Coping with Coronavirus
The Coronavirus pandemic represents a physical/medical health threat for everyone, but it is the mental health effect that will become the greatest challenge for most of us because our emotional reactions can have an impact that lasts far longer than the pandemic itself.
We are dealing with two issues – the virus itself and the emotions it generates. Currently most of our attention is on the virus itself and we are not paying nearly enough attention to the emotional impact of the pandemic, which is extremely concerning as EVERYONE is having some emotional reaction to the pandemic. Fear, anxiety, stress, anger, irritability, emotional exhaustion and sadness are just some of the reactions which are to be expected because the threat is real and we are having to make significant lifestyle changes.
Although the emotions are valid, the reality is that if we do not manage these emotional reactions we can end up with severe mental illness. Already we are seeing higher rates of depression, anxiety, insomnia and complicated grief. More and more people are complaining that they cannot focus, concentrate, problem-solve and/or make decisions. There is long-term risk for alcohol abuse, self-medication and long-lasting ‘avoidance’ behaviour. Domestic abuse is on the increase, there is loss of productivity, more burnout and alarmingly the suicide numbers are escalating. Mental health professionals are expecting all of these negative effects to get worse.
The good news, however, is that we can manage emotional reactions in ourselves and in others. We can protect our mental health and we can reduce mental illness. It’s all about education, awareness and implementing effective strategies and techniques. This needs to happen at home and in the workplace, at both an individual and at an organizational level. There are 7 key elements to consider and I have the resources here on my website to get you started:
7 Key Elements to Consider
Free resources for you to read and download: Articles Posters & Worksheets
Products and services for your organisation (contact me for details): Talks Courses & Workshops Online Assessments
1. Recognise the Emotional Impact
The emotional impact of Coronavirus is huge. It’s important to be able to recognise the signs and symptoms of mental illness in yourself and others and know what to do and not to do about it.
Depression: Defeating Depression Managing Depression
Grief and Bereavement: Survive Your Sorrow Grief & Bereavement - Help for the Helpers
Suicide: Suicide Sensitivity Suicide and Depression
Anger: Anger Management: Taming the Tiger! Taming the Tiger Temper Your Temper: Reducing Anger in the Workplace Iceberg model Getting to Know your Anger
Stress: Stressed To Kill Stress Diagnostic Graph Stress Management Alcohol use
2. Manage the Change
The Coronavirus has brought about so much change that it is important for us to understand the psychological process we go through if we want to be able to adapt to it rather than resist it.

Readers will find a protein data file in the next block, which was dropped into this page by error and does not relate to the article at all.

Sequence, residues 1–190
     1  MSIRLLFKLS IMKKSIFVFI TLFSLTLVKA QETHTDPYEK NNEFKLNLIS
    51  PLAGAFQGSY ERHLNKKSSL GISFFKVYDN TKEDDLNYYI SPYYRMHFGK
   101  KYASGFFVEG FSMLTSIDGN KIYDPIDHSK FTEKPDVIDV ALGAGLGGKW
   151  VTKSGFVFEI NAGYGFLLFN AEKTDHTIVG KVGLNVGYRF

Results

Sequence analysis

3. Build Resilience
Knowing how to build our resilience in this Coronavirus era, is probably more important than it has ever been.
4. Practice Self-Care
Understanding why and how we need to care for ourselves is vital if we are going to thrive in the Coronavirus era.
Self-care Scale Spurn The Burn The Wellbeing Wheel Stop Sabotaging Your Dreams Invest In Yourself Love to Laugh, Laugh to Live The Wood Cutter Stories Mastering the Balancing Act The Value of Vision Boards Prepped for Play The ‘Rocks, Pebbles and Sand’ Story The Wellbeing Wheel You-Q
5. Deal With Personality Differences
Different personalities are dealing with the Coronavirus era in different ways. Understanding yourself and others will go a long way to help us cope more effectively.
MBTI Online MBTI Raising an Introverted Child Understanding Extraverts and Introverts I'm not Crazy, I Just Don't think Like You!... MBTI MTQ (Mental Toughness Questionnaire) Online MTQ Getting Around To It – The Perversity of Procrastination
6. Improve Communication
Being able to communicate well goes a long way towards building relationships and increasing productivity. Good communication also helps to prevent mental illness, tension and violence.
Coping with Conflict:
Coping With Conflict Creating Cooperation From Conflict
Constructive Criticism (Feedback):
Face up to Feedback (Giving and Receiving Constructive Criticism) Prepare to face up to Feedback
Counselling Skills (peer counselling / teachers/ HR):
Basic Counselling Skills Trauma Counselling Skills
The Art of Conversation The Practice Art of Making Conversation Mastering the Art of Conversation Seven Common Conversation Errors… and How to Remedy Them Time to Accept a Compliment Phone Finesse – It’s Your Call Phone Finesse Body Language for Confidence The Power of Listening Vocal Impact Using Body Language for Confidence
7. Handle Loss
In the Coronavirus era, loss includes the loss of loved ones, as well as the loss of health, lifestyle, finances, work and business. Understanding the process of loss and how to help yourself and others is critically important in preventing mental illness.
Retrenchment: How to Survive it and come out on top